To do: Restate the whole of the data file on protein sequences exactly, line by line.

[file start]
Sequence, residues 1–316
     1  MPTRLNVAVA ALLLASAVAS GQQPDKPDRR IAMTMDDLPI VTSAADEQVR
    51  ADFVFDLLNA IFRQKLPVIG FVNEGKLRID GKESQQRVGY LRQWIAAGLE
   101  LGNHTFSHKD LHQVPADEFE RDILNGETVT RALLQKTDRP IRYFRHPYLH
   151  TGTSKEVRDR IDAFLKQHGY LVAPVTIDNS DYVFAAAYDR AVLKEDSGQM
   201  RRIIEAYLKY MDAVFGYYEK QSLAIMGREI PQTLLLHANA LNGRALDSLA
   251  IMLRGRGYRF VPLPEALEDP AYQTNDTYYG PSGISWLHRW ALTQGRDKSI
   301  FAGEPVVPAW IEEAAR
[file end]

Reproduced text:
Sequence, residues 1–316
     1  MPTRLNVAVA ALLLASAVAS GQQPDKPDRR IAMTMDDLPI VTSAADEQVR
    51  ADFVFDLLNA IFRQKLPVIG FVNEGKLRID GKESQQRVGY LRQWIAAGLE
   101  LGNHTFSHKD LHQVPADEFE RDILNGETVT RALLQKTDRP IRYFRHPYLH
   151  TGTSKEVRDR IDAFLKQHGY LVAPVTIDNS DYVFAAAYDR AVLKEDSGQM
   201  RRIIEAYLKY MDAVFGYYEK QSLAIMGREI PQTLLLHANA LNGRALDSLA
   251  IMLRGRGYRF VPLPEALEDP AYQTNDTYYG PSGISWLHRW ALTQGRDKSI
   301  FAGEPVVPAW IEEAAR